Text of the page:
August 27, 2021
Earth raised up her head
Notes & Comentary
- From the Songs of Experience, 1794, which, along with “Introduction,” defines the “emotional conditions” of the poems in this book (Tomlinson 1987, p. 27). Here, the earth decries unnatural restrictions placed on the act of love by the “Selfish father of men,” and class on him to “Break this heavy chain” of moral bondage that perverts the natural world. The Earth further answers the call in “Introduction” for "the lapsèd soul” to turn back to God is also unjust.
- A reference to the God of the Old Testament, whom Blake considered tyrannical and jealous, always attempting to intimidate and control humanity. In Blake’s mythology, this god is named Urizen, characterized by reason and the imposer of moral bondage (see Tomlinson 1987, pp. 28, 47 and Greenblatt 2018, p. 55).
- See the last stanza of “Introduction.”
- Restrictions on love that morality imposes can corrupt that love, making it shameful (Tomlinson 1987, p. 28).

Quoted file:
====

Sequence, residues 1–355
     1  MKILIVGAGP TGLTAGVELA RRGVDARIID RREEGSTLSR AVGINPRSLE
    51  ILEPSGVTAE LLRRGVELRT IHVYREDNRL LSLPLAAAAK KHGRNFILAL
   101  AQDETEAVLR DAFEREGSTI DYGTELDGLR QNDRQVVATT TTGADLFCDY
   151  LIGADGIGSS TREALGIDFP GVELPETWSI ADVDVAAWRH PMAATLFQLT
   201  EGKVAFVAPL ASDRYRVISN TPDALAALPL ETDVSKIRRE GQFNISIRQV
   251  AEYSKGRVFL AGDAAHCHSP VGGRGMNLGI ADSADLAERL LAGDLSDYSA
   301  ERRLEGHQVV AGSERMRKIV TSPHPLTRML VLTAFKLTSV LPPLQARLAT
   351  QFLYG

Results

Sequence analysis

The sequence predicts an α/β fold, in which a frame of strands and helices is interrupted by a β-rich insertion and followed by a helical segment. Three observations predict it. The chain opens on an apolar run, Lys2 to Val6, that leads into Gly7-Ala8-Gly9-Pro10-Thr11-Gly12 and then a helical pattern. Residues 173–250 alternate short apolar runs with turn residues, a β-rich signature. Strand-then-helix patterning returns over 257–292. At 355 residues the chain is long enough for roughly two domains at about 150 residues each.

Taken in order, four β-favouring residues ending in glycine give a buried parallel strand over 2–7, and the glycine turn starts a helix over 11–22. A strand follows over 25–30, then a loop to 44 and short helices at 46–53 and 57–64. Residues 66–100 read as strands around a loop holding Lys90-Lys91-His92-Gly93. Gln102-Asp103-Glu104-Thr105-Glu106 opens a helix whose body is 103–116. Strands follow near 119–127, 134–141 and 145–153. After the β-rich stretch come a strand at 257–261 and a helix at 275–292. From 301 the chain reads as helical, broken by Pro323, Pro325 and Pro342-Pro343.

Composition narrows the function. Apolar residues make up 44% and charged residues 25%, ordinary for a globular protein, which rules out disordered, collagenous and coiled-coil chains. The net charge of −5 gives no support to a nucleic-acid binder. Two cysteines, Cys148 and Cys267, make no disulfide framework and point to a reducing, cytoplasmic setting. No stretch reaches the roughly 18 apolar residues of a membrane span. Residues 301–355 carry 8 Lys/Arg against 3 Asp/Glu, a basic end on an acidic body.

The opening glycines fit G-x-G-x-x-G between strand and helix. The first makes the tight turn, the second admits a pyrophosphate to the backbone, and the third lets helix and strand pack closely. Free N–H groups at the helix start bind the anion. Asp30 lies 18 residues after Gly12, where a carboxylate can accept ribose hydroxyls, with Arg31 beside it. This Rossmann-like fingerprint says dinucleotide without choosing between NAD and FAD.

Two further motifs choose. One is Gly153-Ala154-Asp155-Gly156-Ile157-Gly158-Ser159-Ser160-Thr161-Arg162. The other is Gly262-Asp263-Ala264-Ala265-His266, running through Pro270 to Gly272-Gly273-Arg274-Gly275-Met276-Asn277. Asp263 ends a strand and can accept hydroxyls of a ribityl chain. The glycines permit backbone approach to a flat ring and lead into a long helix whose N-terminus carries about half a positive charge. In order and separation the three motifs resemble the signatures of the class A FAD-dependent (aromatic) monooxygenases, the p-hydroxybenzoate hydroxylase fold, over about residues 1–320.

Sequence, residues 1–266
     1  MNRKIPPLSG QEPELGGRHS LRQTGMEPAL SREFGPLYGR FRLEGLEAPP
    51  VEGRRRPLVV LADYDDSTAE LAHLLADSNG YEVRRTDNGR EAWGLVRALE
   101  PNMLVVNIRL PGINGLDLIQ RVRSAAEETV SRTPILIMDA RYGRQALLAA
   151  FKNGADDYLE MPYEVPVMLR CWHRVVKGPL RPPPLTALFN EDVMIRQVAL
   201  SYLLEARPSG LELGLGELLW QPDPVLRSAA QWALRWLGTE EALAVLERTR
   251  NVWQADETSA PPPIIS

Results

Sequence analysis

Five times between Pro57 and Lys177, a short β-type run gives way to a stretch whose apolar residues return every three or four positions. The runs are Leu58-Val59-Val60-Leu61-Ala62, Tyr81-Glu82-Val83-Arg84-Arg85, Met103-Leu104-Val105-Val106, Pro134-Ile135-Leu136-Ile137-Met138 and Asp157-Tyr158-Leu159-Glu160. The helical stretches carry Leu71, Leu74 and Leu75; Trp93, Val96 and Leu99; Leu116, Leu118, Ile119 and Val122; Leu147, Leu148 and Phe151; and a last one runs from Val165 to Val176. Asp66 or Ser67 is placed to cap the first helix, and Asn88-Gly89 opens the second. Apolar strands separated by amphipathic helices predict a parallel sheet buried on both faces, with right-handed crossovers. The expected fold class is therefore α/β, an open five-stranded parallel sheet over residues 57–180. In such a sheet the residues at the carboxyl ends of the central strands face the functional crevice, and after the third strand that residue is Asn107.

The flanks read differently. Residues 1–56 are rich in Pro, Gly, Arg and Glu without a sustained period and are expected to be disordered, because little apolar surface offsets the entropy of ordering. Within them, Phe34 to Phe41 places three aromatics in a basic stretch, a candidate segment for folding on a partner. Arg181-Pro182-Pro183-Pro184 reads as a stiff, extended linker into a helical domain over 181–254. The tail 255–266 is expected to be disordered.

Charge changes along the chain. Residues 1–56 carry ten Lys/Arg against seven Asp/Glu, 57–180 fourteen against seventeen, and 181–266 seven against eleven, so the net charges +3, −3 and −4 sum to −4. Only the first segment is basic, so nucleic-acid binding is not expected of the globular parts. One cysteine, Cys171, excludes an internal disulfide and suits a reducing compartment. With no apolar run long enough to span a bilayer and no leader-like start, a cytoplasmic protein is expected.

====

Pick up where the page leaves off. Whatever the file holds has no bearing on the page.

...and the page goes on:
- I.e., all of life’s joys are perverted by unnatural restrictions placed on them.
- Ackroyd, Peter (1995). Blake: A Biography. New York: Ballantine Books.
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- Frye, Northrup (1947). Fearful Symmetry: A Study of William Blake. Princeton, NJ: Princeton University Press.
- Gardner, Stanley (1969). Blake. Literary Critiques. New York: Arco.
- Greenblatt, Stephen, ed. (2018). The Norton Anthology of English Literature. The Major Authors. 2 (Tenth ed.). New York: W. W. Norton.
- Makdisi, Saree (2003). "The Political Aesthetic of Blake's Images". In Eaves, Morris. The Cambridge Companion to William Blake. Cambridge, UK: Cambridge UP. pp. 110–132.
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- Tomlinson, Alan (1987). Song of Innocence and of Experience by William Blake. MacMillan Master Guides. London: MacMillan Education.
- Wolfson, Susan J. (2003). "Blake's Language in Poetic Form". In Eaves, Morris. The Cambridge Companion to William Blake. Cambridge, UK: Cambridge UP. pp. 63–83.